Fifty years later: still separate and unequal

unfinished-march-infographic-final

king.racial.progress

Hat tip for the infographic and cartoon to occasional links and commentary.

I only hope that the gap between white and black Americans is closed by blacks and whites both rising, but blacks rising faster, and not by blacks and whites both falling, but whites falling faster..

For more on this subject, click on Poverty, Meet Cash Transfers by Kelly Kleiman for the Reality-Based Community.  [added 8/31/13]

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3 Responses to “Fifty years later: still separate and unequal”

  1. Atticus Says:

    Living in Atlanta I live in close quarters to black people. I live in a neighborhood that is quite divers between latino, black, and white people. Being around this I’ve noticed that a lot of the issue is cultural (not necessarily societal). What is popular and acceptable in the black community is very different that what is acceptable in the white and latino communities. What is praises is different, behavioral norms is different, and much of what is praises and condoned is negative. I hate seeing all the blame thrown around – the black community as a whole really needs to step it up and fix it and stop playing the blame game.

    I am friends with a local leader in the black community and he talks about this a lot. One of his major goals is starting programs and movements aimed at changing the cultural norms and values specifically in the black community. It’s an interesting phenomena.

    Like

    • philebersole Says:

      I don’t question the truth of anything you wrote, but I think we white people also should stop playing the blame game.

      Let’s create a level playing field for our African-American fellow citizens, and then see how they do. Maybe not all of them will do well, but it is only fair to provide the equal opportunity.

      Like

    • philebersole Says:

      I don’t live in close quarters with black people. Most of the black people I know and have met during my life are middle-class professionals or striving poor people with middle-class values. My opinions are partly the result of stories they’ve told me about being treated as if they were members of the criminal underclass. I think I will write a post about this at some point.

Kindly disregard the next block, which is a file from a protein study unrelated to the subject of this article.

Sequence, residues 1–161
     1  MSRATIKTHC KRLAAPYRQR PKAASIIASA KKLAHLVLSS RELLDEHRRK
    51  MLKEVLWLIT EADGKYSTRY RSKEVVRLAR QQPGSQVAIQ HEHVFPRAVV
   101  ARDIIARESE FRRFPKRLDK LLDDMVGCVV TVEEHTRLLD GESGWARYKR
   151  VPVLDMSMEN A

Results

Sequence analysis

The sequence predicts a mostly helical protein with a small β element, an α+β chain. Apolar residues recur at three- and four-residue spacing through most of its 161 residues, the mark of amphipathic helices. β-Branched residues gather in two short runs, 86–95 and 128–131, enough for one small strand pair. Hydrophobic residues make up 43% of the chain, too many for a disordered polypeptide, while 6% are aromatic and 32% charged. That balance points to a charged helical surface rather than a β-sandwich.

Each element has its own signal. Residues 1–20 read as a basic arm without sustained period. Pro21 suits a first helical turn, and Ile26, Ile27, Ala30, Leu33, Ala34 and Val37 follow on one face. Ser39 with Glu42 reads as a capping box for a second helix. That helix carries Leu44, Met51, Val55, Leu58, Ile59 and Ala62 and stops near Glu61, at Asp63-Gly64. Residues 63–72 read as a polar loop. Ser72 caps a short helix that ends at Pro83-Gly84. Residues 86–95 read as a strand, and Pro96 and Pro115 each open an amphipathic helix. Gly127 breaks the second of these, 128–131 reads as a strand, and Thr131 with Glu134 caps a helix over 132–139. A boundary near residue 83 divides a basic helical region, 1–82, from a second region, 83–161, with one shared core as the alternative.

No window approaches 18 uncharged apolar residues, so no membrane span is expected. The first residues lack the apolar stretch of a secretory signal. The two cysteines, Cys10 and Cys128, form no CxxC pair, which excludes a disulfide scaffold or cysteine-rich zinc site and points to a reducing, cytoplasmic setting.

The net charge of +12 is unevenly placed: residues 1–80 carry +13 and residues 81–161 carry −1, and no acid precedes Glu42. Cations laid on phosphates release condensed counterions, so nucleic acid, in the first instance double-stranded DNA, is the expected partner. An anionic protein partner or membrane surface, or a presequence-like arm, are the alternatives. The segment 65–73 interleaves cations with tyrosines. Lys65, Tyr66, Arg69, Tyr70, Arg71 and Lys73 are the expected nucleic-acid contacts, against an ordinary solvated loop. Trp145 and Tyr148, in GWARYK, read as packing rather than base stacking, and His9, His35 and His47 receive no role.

In the meantime here’s my nickel summary of what I think.

      1. Although a great deal of progress has been made since Dr. King’s 1963 speech, the opportunities of black citizens of the United States still are limited by the racial prejudice.

      2. No matter how much a victim of prejudice you are, or think you are, that is not an excuse for crime, laziness, addiction or ignorance.

      3. I accept that there is such a thing as a black underclass, which has all the negative attitudes you mention. I do not come in contact with members of this class and can’t say anything more than that. I do not believe that members of this underclass are typical of black people nor are they a majority of black people. I live in a racially-mixed working-class neighborhood in the city of Rochester, and I have a good experience with both my white and my black neighbors.

      4. I believe it is wrong to assume that any random black person in any context (such as the campus of the University of Rochester) is a member of that class, just as wrong as it is to assume that any random white person is a racist or racially prejudiced.

      Like

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